Artistic Endeavors – Art Forms of Nature

When I came across Ernst Haeckel’s Kunstformen der Natur plates published in 1904 I felt such an affinity for all the curves.

According to Wikipedia, Haeckel

was a German biologist, naturalist, philosopher, physician, professor, marine biologist, and artist who discovered, described and named thousands of new species, mapped a genealogical tree relating all life forms, and coined many terms in biology, including anthropogeny, ecology, phylum, phylogeny, stem cell, and Protista.

Besides all that, he dabbled in philosophy, penning a work called “The Riddle of the Universe.” Only in that time period could such disciplines have co-existed in one person. But wait, there’s more. He was also an artist, producing 100 detailed sketches of animals and sea creatures that were translated from sketch to print by lithographer Adolf Giltsch and published in Kunstformen der Natur. The images influenced several artists associated with the Art Nouveau movement.

Haeckel is yet another distinguished person I’ve never heard of before, but he has been memorialized in place names. “In the United States, Mount Haeckel, a 13,418 ft (4,090 m) summit in the Eastern Sierra Nevada, overlooking the Evolution Basin, is named in his honour, as is another Mount Haeckel, a 2,941 m (9,649 ft) summit in New Zealand; and the asteroid 12323 Haeckel.” (Wikipedia)

Here are a few of his drawings that are a bit spikier. To me they resemble drawings of science fiction universes done by someone on hallucinogens.





Filed under Commentary, Inspiration

10 responses to “Artistic Endeavors – Art Forms of Nature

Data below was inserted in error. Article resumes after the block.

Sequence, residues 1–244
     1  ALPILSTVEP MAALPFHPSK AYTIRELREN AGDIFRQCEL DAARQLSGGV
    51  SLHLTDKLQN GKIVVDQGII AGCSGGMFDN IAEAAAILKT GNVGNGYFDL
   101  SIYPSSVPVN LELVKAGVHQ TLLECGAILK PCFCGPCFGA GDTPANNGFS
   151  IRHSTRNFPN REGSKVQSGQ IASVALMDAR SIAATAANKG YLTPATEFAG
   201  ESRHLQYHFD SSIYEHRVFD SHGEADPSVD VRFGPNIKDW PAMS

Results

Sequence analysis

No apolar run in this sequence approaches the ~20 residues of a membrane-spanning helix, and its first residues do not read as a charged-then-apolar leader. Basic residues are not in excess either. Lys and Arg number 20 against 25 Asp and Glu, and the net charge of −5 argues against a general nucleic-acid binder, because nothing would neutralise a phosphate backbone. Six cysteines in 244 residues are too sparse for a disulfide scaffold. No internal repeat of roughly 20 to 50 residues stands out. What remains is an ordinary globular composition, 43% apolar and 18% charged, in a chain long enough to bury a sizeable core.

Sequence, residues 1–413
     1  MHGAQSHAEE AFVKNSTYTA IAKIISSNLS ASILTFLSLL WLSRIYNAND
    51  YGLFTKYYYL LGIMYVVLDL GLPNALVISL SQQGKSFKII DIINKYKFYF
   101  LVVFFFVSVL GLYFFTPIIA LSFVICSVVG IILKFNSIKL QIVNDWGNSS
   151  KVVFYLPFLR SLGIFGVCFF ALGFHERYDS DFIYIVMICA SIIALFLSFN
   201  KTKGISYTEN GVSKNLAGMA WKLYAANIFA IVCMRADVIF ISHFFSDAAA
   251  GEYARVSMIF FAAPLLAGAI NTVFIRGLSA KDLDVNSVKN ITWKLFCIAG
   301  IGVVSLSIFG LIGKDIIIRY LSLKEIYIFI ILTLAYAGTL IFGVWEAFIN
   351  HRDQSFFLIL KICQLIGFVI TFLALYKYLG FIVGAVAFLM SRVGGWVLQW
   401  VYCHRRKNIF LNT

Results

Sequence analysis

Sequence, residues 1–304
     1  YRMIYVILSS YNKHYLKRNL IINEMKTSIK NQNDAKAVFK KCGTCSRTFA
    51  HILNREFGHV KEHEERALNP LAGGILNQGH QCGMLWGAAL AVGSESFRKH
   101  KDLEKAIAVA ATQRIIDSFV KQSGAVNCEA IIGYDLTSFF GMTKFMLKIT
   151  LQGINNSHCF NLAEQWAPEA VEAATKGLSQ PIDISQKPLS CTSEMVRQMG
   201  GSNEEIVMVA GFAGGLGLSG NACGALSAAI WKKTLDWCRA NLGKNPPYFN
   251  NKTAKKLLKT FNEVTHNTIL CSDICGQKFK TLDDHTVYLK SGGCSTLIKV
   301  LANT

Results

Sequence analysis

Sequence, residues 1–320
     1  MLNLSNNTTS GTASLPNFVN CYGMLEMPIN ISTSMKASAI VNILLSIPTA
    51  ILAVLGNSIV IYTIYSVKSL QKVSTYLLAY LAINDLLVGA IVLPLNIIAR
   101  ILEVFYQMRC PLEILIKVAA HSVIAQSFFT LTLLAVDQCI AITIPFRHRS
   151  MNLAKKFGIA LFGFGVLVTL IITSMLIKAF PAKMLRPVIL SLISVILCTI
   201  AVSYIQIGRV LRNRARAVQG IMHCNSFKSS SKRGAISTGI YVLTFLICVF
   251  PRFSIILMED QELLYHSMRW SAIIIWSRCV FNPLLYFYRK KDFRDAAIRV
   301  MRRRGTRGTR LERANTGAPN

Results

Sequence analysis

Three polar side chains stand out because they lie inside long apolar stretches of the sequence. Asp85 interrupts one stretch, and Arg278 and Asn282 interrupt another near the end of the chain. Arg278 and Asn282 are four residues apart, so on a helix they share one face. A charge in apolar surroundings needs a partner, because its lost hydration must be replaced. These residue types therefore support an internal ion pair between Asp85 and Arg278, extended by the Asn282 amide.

1. Thanks for sharing, the drawings are amazing, must have a closer view on Haeckel.

  2. These are beautiful. I love the bony black and white drawings at the bottom of your page. I think there are geniuses of this type today, too, — a lot of scientists are also artists or musicians, for instance — but there is SO MUCH content available, I think sidelines get crowded out.

    • Yes, the sheer volume of talented work being produced is mind boggling. The drawings intrigue me especially because they were done long before computers, and most likely involved direct observation.

  3. How could one person be so expert at so much? Do you think we could do that, if we spent less time on the computer??

  4. Aren’t they amazing drawings.

  5. WOW!!! Thank you for the introduction to this amazing, beyond amazing person. His art is so intricate and “out of this world”. I completely agree with you about the science fiction resemblance. A wonderful wake read this morning.

  6. Mind blowing! I can really see how some of his art/work would have influenced the Art Nouveau movement. The wiki article is very interesting. He had quite a life… I wonder if his mind was ever still! Thanks for sharing.

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